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Why put is not considered non-idempotent?

Ben Pheonix
Ranch Hand

Joined: Dec 11, 2012
Posts: 46
    
    1

Hi,
I have a confusion, that we consider post non-idempotent. While we don't consider put non-idempotent. If allowed by the servers, put can change the
state of the server as well. So why put is not considered non-Idempotent?
Thanks,
Ben


Twitter:ben_pheonix
Matthew Brown
Bartender

Joined: Apr 06, 2010
Posts: 4422
    
    8

"Idempotent" doesn't actually mean that it can't change the state - that's a common misuse of the word. It means that if the operation is made multiple times it has the same effect as making it just once. So, for example, if you have a POST request that creates a new record, then applying it twice will create two records. So that isn't idempotent.

The word for an operation that has no side effects is "nullipotent".

Ben Pheonix
Ranch Hand

Joined: Dec 11, 2012
Posts: 46
    
    1

Dear Mathew,

Doesn't put come under category of Post as well? If we repeat the operation of put twice, it can also create the same effect as post. Then why not put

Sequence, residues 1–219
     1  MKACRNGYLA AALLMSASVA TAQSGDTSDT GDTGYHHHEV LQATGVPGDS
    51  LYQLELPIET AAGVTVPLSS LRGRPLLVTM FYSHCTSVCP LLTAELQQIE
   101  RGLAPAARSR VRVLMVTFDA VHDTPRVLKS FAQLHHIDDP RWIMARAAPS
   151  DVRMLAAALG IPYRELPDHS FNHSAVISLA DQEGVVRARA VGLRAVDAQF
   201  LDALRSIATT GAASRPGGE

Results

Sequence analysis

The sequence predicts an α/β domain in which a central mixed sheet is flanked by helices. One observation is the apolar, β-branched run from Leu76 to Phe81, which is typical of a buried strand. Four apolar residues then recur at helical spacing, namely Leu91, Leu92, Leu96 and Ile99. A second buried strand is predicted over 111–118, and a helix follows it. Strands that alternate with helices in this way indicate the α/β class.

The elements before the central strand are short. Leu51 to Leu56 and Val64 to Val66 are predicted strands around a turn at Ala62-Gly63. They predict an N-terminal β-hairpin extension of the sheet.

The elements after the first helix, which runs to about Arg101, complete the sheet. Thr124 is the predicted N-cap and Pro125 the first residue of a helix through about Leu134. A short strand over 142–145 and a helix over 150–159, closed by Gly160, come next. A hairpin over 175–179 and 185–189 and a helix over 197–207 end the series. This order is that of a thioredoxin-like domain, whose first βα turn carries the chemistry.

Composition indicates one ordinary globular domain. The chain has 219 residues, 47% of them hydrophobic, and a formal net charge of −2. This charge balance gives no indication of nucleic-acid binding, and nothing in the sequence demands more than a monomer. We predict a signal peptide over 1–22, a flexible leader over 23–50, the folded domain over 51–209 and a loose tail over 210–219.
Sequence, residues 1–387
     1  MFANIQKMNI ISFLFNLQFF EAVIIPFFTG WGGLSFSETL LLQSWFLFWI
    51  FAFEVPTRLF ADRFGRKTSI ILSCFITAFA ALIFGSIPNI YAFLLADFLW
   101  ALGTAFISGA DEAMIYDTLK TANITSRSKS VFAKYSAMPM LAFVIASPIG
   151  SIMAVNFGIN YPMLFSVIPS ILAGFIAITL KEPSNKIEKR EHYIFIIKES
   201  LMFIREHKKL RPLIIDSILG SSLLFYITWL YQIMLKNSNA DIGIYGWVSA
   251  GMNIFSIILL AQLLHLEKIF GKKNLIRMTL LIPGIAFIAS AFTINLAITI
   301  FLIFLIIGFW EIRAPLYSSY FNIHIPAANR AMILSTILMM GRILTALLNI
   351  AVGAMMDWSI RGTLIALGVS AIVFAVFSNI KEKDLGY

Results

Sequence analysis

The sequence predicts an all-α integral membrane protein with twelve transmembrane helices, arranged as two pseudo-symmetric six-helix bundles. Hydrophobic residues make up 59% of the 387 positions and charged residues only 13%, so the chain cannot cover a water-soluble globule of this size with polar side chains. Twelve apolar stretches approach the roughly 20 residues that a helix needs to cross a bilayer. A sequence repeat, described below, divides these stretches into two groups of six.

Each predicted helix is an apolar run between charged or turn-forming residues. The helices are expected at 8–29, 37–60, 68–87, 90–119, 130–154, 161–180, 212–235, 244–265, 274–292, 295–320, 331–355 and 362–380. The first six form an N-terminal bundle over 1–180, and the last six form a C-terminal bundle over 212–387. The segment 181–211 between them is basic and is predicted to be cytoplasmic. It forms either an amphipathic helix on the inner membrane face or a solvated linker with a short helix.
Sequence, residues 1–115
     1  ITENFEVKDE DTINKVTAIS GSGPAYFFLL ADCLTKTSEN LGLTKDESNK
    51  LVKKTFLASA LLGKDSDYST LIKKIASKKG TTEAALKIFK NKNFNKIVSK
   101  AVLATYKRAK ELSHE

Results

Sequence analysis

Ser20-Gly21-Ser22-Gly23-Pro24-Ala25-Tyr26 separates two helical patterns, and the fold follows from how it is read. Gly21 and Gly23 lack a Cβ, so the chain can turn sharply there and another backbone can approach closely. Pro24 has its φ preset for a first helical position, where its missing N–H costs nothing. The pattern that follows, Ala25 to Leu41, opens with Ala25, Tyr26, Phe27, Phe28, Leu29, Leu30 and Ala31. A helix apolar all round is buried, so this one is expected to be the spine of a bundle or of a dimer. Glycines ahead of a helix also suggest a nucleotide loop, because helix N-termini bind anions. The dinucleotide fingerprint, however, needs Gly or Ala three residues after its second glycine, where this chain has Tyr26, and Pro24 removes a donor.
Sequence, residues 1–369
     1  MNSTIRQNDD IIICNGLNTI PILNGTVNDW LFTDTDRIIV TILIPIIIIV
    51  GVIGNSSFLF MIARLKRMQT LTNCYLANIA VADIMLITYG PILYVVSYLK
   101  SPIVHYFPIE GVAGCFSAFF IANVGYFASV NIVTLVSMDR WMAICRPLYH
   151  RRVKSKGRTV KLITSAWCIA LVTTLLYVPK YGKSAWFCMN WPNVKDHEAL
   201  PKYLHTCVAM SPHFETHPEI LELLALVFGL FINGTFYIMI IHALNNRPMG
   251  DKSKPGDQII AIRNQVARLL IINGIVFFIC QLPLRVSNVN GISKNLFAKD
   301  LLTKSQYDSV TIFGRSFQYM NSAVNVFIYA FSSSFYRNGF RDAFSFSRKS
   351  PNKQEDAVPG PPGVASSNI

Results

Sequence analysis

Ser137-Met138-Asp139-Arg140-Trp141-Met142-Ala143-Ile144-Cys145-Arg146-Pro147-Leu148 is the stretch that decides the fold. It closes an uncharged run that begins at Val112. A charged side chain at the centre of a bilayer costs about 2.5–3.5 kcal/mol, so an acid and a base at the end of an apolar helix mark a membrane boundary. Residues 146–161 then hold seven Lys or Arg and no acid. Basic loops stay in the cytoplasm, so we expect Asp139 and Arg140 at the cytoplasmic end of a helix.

considered non-idempotent.

Thanks,
Ben
Bear Bibeault
Author and ninkuma
Marshal

Joined: Jan 10, 2002
Posts: 61433
    
  67

Ben Pheonix wrote:Doesn't put come under category of Post as well?

No. A PUT, executed with the same data, will have the exact same effect each time it is executed.

If you're "not looking" and a random number of PUTs occur, then how would you tell how many PUTs occurred while you had the blindfold on? You can't. Because the effect of executing 17 of the PUTs, or 17 million of them, has the exact same effect of executing one PUT.


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Matthew Brown
Bartender

Joined: Apr 06, 2010
Posts: 4422
    
    8

Put should be idempotent. Of course, you can implement it to not be - you can implement GET to be not-idempotent if you want. But you won't be following the HTTP specification.
Frits Walraven
Creator of Enthuware JWS+ V6
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Joined: Apr 07, 2010
Posts: 1696
    
  25

Hi Ben,

No PUT doesn't have side effects, it just creates a resource once or when PUT is used multiple times (of the same resource) it overrides the resource.

Just check the this part of the HTTP specs.

Regards,
Frits
Ben Pheonix
Ranch Hand

Joined: Dec 11, 2012
Posts: 46
    
    1

Dear Frits, mathew, bear,

Thank you so much for the help. I am clear on the concept now.

Thanks,
Ben
 
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subject: Why put is not considered non-idempotent?